The Great Caruso stars Mario Lanza as the famous opera singer who grew up in Naples and then gradually won appreciation by the critics despite the fact he was a peasant. It documents the death of his mother and then his difficulties with the woman he first wants to marry before his career takes off. Then he meets Dorothy (Ann Blyth) and finds someone who, though she dislikes opera, can give him the support he needs.
From what I've read, this film isn't so much a biopic as a film loosely based on Caruso's life with plenty of songs thrown in. There isn't too too biography in there and that, I think, was what damaged my interest, especially in the first half of the film. It will appeal to those who want to hear numerous Caruso songs sung by Lanza but I struggled to care. Opera isn't really my thing, although I appreciated the scenes around his struggles rather than his successes. Lanza is excellent both in voice and body and certainly dominates the film.
The rest of the cast work well, although some of the faces Caruso surrounds himself with blend into one. Ann Blyth as Dorothy manages that remarkable feat of ageing on screen, first appearing as a young girl and evolving into Caruso's wife, and her performance is very enjoyable. However, I found that I was entranced by professional opera singer Dorothy Kirsten as Louise Heggar, an actress who only appeared in a handful of films but was prolific on the stage. The final scene between Kirsten and Lanza was memorable, not because of what it leads to but because of the delicate interplay between the pair.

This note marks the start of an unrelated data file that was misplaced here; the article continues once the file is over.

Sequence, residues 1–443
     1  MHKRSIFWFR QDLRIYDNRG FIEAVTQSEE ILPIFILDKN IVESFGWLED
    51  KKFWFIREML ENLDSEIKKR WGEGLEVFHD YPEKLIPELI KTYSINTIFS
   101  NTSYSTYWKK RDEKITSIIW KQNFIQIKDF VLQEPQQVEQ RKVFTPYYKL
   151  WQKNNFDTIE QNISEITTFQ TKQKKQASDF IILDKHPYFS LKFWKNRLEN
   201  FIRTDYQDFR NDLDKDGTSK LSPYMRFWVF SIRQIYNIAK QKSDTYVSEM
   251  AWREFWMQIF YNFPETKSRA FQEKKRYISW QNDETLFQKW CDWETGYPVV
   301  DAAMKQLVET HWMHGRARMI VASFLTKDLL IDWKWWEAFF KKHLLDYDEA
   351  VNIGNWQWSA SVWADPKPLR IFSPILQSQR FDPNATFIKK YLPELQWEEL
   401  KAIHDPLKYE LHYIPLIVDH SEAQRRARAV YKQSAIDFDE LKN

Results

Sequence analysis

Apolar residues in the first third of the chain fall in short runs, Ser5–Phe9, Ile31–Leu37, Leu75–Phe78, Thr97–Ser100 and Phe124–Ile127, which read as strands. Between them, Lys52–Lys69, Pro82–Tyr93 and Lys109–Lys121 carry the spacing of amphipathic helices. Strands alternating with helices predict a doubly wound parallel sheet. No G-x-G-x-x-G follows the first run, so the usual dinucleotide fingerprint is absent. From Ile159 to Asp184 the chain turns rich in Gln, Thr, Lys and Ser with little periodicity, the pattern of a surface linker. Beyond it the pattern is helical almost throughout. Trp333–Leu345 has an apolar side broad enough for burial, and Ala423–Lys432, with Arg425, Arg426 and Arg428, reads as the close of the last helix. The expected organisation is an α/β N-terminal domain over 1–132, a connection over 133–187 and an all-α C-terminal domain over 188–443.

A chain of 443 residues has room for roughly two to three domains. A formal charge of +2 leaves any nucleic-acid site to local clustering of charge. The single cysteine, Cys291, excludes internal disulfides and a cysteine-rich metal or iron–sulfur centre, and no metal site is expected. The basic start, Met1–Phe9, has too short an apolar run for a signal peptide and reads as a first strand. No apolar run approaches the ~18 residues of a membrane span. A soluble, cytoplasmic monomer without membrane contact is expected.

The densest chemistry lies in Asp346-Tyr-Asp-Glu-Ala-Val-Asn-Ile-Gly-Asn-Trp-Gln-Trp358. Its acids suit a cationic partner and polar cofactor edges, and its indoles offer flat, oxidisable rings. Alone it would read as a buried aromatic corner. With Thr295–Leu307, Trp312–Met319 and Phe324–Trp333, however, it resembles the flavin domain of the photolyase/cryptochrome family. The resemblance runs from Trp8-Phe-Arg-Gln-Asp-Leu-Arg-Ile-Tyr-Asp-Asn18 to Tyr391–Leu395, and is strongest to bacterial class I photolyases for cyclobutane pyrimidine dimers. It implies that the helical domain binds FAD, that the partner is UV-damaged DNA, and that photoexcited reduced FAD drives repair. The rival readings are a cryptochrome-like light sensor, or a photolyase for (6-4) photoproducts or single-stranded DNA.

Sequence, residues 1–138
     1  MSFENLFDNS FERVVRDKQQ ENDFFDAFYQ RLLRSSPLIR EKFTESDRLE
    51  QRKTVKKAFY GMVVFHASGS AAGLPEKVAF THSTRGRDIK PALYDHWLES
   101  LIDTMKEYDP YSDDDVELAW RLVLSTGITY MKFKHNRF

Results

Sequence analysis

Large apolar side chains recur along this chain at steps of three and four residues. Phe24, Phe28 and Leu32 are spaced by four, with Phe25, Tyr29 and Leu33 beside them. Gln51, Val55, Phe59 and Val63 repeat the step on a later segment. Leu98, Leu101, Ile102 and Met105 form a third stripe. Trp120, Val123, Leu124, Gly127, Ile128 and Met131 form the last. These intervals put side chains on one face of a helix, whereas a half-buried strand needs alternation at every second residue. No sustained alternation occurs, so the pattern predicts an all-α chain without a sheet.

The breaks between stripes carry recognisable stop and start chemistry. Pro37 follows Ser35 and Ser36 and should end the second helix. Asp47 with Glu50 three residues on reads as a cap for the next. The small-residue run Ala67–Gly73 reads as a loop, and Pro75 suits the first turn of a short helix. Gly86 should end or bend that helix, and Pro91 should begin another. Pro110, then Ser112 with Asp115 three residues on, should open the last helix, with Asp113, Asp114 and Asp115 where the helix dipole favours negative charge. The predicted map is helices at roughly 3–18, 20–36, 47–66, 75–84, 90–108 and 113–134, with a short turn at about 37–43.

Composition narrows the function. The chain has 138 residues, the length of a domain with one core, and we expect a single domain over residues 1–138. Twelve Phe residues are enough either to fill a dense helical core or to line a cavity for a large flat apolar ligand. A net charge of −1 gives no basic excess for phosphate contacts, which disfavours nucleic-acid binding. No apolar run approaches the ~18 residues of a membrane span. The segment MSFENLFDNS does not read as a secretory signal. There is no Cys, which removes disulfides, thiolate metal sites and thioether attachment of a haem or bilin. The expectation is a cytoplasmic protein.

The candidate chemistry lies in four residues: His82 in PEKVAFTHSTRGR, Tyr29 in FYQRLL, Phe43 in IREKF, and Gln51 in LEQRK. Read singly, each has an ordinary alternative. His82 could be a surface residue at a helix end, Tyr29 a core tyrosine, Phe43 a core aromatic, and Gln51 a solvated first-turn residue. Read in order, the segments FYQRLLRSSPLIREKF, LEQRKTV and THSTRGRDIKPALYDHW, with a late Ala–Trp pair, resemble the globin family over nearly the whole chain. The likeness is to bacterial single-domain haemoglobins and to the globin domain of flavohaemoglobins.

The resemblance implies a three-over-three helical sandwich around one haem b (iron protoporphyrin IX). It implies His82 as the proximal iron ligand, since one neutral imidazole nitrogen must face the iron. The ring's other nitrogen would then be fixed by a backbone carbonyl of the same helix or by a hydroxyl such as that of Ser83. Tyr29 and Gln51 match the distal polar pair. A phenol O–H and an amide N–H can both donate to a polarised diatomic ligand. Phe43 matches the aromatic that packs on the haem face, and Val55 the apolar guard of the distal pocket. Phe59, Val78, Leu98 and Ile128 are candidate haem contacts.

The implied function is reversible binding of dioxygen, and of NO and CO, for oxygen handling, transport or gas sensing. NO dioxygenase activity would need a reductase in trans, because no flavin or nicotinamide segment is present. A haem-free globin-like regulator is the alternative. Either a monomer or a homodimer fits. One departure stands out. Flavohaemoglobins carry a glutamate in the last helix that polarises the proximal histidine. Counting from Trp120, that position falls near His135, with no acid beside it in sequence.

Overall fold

While much of this film is played for dramatic effect, it's a good way to listen to Mario Lanza singing snippets of numerous songs and it's a fine way to while away an afternoon. Not one I'll be rewatching but that's down to personal preference more than anything.